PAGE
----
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Professor Eshwar Mahenthiralingam

Professor Eshwar Mahenthiralingam

Co-Director of Research

School of Biosciences

Email:
mahenthiralingame@cardiff.ac.uk
Telephone:
+44 (0)29 2087 5875
Fax:
+44 (0)29 2087 4305
Location:
West 2.06, Sir Martin Evans Building, Museum Avenue, Cardiff, CF10 3AX
Available for postgraduate supervision

Research overview

My group has studied the pathogenesis and ecology of bacterial opportunistic pathogens, ranging from Pseudomonas aeruginosa to mycobacteria, with a major focus on Burkholderia cepacia complex bacteria. Pseudomonas and Burkholderia bacteria cause devastating infections in people with cystic fibrosis and we have used molecular biology and genomic approaches to track their ability to spread between patients, resist killing by antibiotics and cause lung disease. Since both these bacteria are also important in the natural environment, we have also studied several aspects of their ecology. By understanding the complete biology of opportunistic bacterial pathogens in this way we hope to develop strategies to both treat human infection and also harness their considerable biotechnological potential. Our recent discoveries that Burkholderia bacteria produce a range of antibiotics that target resistant infections and plant pathogens are very exciting.

Microbiomes, Microbes and Informatics

The Mahenthiralingam group is part of the recently formed Microbiomes, Microbes and Informatics (MMI) group (webpage underdevelopment). The MMI group currently comprises the research groups of Cedric Berger, Thomas Connor, Esh Mahenthiralingam, Julian Marchesi and Andrew Weightman, and has over 25 active research staff and postgraduate students. The MMI group welcomes approaches by potential fellowship applicants and funded PhD students to host their research and expand our strategic research on Microbiomes, Microbes and Informatics.

I was born in Penang, Malaysia, but grew up as a "Brummy" in Walsall, West Midlands, UK. My undergraduate studies (B.Sc. in Applied Biology; 1987) were completed at the then University of Wales Institute of Science and Technology, which subsequently became part of Cardiff University.  I completed a Ph.D. (Molecular Microbiology; 1991) at the Medical Research Council's National Institute for Medical Research at Mill Hill, London, working on mycobacteria, the bacteria most known for causing tuberculosis.

After my PhD, I took up a postdoctoral position (1991) at the Faculty of Medicine, University of British Columbia, Vancouver, Canada. This is where I began to developing expertise in the cystic fibrosis microbiology, working on Pseudomonas aeruginosa and Burkholderia cepacia complex bacteria that cause devastating lung infections in these individuals. The two year postdoctoral position turned into a nine year stay, that included obtaining a Fellowship from the Canadian Cystic Fibrosis Foundation, moving through several positions, with a final appointment as an Associate Professor in 1997.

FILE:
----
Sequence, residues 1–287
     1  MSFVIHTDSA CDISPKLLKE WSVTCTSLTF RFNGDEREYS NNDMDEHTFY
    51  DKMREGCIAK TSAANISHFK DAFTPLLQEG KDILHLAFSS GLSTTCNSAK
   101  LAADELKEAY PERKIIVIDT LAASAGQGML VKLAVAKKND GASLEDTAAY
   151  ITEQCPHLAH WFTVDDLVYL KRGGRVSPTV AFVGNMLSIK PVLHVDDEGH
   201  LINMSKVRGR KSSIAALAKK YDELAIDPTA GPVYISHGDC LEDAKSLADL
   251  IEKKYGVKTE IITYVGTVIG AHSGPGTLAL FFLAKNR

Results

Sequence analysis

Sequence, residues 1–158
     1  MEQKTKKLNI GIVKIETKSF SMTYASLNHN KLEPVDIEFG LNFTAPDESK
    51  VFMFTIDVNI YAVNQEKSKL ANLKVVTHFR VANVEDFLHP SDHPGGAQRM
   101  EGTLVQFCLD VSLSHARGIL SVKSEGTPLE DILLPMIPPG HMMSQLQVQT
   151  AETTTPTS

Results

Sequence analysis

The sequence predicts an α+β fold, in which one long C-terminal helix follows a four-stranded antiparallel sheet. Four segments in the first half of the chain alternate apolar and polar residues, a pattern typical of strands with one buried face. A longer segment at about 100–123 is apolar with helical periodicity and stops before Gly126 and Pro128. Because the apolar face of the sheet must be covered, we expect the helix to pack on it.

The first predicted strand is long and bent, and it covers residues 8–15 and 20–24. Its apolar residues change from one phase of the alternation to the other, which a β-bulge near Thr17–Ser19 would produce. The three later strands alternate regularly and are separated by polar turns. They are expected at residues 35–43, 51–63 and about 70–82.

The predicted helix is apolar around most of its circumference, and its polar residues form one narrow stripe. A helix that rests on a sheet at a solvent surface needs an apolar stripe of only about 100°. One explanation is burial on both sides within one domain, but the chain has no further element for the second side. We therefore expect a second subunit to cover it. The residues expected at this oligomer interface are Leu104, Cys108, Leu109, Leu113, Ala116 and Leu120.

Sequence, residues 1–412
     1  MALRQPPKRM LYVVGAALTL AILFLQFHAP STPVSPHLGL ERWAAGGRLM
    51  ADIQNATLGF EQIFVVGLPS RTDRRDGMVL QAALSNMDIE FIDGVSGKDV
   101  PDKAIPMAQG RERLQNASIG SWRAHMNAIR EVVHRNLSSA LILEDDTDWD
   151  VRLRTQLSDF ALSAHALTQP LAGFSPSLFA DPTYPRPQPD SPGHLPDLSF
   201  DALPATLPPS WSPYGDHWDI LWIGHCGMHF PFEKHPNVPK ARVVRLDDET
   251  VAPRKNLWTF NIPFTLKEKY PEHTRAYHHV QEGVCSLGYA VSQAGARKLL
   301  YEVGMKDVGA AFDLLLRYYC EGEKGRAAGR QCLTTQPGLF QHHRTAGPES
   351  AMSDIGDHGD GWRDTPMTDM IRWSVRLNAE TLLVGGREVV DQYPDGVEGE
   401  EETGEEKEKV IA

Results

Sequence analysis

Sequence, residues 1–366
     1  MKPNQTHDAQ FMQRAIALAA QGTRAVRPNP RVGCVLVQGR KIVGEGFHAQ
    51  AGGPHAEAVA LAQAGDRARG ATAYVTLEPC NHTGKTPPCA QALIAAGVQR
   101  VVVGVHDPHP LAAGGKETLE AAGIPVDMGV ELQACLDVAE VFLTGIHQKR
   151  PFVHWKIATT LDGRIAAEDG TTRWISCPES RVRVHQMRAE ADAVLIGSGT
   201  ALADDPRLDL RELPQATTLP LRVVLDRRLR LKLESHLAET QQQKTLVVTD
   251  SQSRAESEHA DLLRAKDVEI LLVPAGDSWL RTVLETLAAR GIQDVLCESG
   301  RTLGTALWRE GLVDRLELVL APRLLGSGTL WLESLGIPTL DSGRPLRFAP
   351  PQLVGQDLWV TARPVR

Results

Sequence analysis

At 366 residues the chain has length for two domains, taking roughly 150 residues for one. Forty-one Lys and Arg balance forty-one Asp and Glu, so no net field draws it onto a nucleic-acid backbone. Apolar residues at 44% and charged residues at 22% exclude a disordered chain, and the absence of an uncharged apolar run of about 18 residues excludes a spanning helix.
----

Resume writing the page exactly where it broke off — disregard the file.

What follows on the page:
In June 1999, I joined Cardiff School of Biosciences, Cardiff University, as a Lecturer, returning to Wales and the institution I had first studied within. I served on the editorial board of the Journal of Clinical Microbiology from 2000 to 2008, and continue to guest review for the American Society for Microbiology journals as well as many other science journals and grant funding bodies. In August, 2011, after previous promotions to Senior Lecturer (2004), and Reader (2007), I was promoted to Professor. I currently serve as the Postgraduate Tutor for the Organisms and Environment Division and coordinate the final year module "Human Infectious Diseases."

While Burkholderia bacteria and cystic fibrosis microbiology remain major research foci, my interests are still wide and I am always getting involved in lots of very interesting molecular microbiology projects. In the last few years, we made a very exciting discovery that the Burkholderia bacteria I had studied as pathogens, also make some very potent antibiotics which kill other multidrug resistant bacteria and fungi. Antibiotic discovery has now become a major new research focus for me.

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I carry out a range of teaching from year 1 to final year undergraduate, and the supervision of postgraduate MRes project students. Current teaching includes contributions to:

  • BI1003 Organisms and Environment - An introduction to medically relevant bacteria
  • BI2332 Concepts of Disease - a practical on outbreaks of infection and lectures on meningitis and Human Immunodeficiency Virus
  • BI3155 Infection biology and epidemiology - lectures on cystic fibrosis lung infections and antimicrobial resistance.

Overview

The aim of my group's research is to dissect the natural biology and virulence of opportunistic bacterial pathogens, using molecular and genomic research strategies. Notable findings from these studies are highlighted below.

Advances in cystic fibrosis microbiology

We have focussed on Pseudomonas aeruginosa and Burkholderia cepacia complex bacteria which cause problematic lung infections in people with cystic fibrosis (CF) and more recently started to examine the lung microbiota as follows:

  • P. aeruginosa adapts to a non-motile phenotype during CF lung infection (see Mahenthiralingam et al. 1994).
  • PCR-fingerprinting methods and the molecular epidemiology of CF pathogens P. aeruginosa and B. cepacia complex (see Mahenthiralingam et al. 1996)
  • A DNA marker for transmissible B. cepacia complex bacteria (see Mahenthiralingam et al. 1997)
  • Rapid DNA diagnostics for B. cepacia complex and Burkholderia species identification (see Mahenthiralingam et al. 2000 and Payne et al. 2005).